Charlotte Perkins Gilman: The Yellow Wallpaper (76:00)
Touted as one of the first major feminist writers, Charlotte Perkins Gilman spent her life fighting to liberate women from the yoke of domesticity. This is a stunning BBC dramatization of Gilman’s autobiographical account of a woman driven to madness by the repressive mores of Victorian culture. Stephen Dillon as the husband, John, and Julia Watson as the despondent heroine give stellar performances in this production directed by the BBC’s John Clive. (76 minutes)
Country House (05:01)
Charlotte and John arrive at the house he's chosen for her "rest-cure." Their bedroom, a former nursery with barred windows and garish yellow wallpaper, increases the setting's sense of isolation.
Charlotte finds the house "creepy." Her husband institutes the doctor's rigid prescription for rest and little activity and others care for the baby. Her sense of isolation and despair deepen.
Intellectual Life (06:05)
John admonishes Charlotte for taxing her strength after she reads all afternoon. His active life as a doctor is contrasted to hers when she asks, "What on earth am I supposed to do with myself all day?"
Charlotte's Despondency (06:15)
Charlotte lies awake at night and eats little. She keeps a first-person narrative journal and records her worries and growing paranoia. John leaves, but in his absence Jennie enforces the rest-cure.
Losing Track of Days (05:44)
Charlotte complains she is losing track of time and needs something to occupy her imagination. She suffers from nightmares, can't think straight, and becomes nervous spending time with her son.
Imagination is the Enemy (06:25)
Charlotte asks John if they can visit Cambridge, but he refuses since it might overstimulate her. He contends that her imagination is the enemy, and she must use her will and self-control to get better.
Charlotte's Mental Disintegration (08:15)
John shows little understanding of Charlotte's mental state as he attempts to interact with her. When John's mother visits for the weekend, Charlotte breaks down in the face of pressure.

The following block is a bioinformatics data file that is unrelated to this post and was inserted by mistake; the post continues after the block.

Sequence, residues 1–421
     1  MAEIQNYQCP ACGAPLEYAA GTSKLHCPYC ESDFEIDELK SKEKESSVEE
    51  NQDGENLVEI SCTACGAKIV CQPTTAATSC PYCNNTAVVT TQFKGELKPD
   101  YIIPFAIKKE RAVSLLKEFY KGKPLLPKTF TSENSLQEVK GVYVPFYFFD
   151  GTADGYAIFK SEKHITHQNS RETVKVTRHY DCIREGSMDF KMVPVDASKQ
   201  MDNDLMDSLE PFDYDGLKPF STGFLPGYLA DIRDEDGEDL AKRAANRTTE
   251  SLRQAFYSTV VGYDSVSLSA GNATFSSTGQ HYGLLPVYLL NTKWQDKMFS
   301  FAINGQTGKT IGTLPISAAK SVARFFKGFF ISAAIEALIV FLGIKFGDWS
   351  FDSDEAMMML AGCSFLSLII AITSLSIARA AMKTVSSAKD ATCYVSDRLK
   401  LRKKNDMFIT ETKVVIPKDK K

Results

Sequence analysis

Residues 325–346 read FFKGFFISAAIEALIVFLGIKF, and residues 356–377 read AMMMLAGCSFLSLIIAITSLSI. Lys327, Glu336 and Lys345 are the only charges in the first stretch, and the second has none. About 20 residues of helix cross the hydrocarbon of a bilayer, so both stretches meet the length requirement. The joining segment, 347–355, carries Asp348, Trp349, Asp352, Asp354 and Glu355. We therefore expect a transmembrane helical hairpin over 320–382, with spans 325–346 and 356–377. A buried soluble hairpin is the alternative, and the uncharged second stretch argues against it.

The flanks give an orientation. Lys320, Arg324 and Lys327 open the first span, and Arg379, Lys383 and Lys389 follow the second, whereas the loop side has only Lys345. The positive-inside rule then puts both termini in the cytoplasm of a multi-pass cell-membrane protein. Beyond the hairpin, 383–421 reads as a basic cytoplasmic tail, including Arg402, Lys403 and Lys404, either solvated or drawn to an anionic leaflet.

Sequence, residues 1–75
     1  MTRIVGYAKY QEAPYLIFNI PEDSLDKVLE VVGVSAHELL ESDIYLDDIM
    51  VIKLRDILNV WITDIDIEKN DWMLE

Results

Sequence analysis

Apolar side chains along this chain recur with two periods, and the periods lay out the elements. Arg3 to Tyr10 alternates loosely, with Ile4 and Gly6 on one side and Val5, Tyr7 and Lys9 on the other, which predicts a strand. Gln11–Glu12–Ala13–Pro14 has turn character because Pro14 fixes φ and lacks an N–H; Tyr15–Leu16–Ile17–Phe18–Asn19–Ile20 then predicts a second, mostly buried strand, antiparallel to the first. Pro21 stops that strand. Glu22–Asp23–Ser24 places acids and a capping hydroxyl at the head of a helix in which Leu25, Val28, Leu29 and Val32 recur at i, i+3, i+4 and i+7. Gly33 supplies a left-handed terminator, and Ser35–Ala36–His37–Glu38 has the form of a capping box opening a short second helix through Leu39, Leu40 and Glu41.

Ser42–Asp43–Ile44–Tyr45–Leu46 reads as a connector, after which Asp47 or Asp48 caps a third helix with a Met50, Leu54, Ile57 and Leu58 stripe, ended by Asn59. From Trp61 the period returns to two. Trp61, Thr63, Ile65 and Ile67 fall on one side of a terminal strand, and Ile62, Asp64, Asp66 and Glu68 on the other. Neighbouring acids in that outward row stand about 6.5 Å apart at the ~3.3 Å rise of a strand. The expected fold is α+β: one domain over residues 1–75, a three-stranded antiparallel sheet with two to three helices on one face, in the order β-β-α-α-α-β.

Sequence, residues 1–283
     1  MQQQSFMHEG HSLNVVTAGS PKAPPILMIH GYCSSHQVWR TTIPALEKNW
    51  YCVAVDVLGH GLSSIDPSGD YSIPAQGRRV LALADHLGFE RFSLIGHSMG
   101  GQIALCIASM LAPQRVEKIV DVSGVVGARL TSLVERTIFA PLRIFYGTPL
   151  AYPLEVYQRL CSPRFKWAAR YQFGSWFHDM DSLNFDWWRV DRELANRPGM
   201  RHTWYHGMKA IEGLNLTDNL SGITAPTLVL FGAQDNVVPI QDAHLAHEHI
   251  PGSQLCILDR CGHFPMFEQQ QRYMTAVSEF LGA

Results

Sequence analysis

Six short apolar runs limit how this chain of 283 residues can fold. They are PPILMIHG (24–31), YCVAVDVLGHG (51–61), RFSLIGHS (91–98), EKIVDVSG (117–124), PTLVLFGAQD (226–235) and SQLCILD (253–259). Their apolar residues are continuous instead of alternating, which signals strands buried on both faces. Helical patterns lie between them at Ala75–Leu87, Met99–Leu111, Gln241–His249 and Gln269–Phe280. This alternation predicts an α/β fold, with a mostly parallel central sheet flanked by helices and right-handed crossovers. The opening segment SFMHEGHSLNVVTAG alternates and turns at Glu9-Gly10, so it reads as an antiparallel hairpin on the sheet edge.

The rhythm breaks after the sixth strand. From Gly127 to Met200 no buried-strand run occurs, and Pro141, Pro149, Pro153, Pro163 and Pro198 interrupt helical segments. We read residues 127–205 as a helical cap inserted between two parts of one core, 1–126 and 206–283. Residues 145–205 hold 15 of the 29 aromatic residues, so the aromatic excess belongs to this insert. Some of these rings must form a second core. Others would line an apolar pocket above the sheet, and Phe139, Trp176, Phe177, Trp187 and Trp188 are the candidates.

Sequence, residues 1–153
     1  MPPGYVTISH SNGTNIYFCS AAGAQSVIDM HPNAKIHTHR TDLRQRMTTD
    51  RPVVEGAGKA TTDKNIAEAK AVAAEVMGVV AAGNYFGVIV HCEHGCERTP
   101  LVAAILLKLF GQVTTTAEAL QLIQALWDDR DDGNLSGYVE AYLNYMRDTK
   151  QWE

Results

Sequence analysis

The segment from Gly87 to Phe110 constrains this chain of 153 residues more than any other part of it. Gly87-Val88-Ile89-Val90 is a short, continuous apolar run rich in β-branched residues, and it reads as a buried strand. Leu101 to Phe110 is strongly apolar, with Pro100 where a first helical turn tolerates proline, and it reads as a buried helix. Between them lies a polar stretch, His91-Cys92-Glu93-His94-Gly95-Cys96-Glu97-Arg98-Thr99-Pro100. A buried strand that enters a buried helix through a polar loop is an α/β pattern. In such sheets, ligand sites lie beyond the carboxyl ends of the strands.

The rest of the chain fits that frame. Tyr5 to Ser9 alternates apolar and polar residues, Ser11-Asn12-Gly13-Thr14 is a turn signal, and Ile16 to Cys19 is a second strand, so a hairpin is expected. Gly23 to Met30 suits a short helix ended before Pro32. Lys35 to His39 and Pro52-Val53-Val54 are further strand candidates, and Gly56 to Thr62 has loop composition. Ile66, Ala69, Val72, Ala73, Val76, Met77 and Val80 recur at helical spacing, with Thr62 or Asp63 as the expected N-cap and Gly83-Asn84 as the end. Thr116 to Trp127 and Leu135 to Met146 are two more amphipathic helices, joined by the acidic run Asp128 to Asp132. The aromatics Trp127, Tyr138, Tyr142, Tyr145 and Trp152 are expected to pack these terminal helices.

Woman's Role in the Home (04:47)
After suffering a breakdown at tea, Charlotte tells John that her feelings are all she has left of her life. Dr. Stock forbids her to write and lectures her on a woman's role in the home.
Obsessions and Delusions (06:33)
Obsessed with the wallpaper, Charlotte seeks to solve its "puzzle." She complains of an enduring smell that "creeps all over the house." Dr. Stock and John discuss cures for her hysterics.
At night, Charlotte prowls the house and grounds, seeing visions. She describes her mental world as one she can't control, but John discounts her ideas as "false and foolish," imploring her to trust him.
Descent into Madness (05:04)
Charlotte's psychosis is evident as she frantically searches for an imaginary woman. John placates her, calling her a "good girl" before giving her a medicinal drink to calm her down.
Ironic Contrast (04:28)
When John goes to town, Charlotte comes unravelled. Scenes of John's lecture on treatment of the mentally ill are contrasted with Charlotte's destruction of the room with the yellow wallpaper.
John's Return (03:22)
John finds the bedroom barricaded and kicks the door in. He collapses when he sees Charlotte crawling in the debris like an animal. She keeps crawling out of the house into the garden beyond.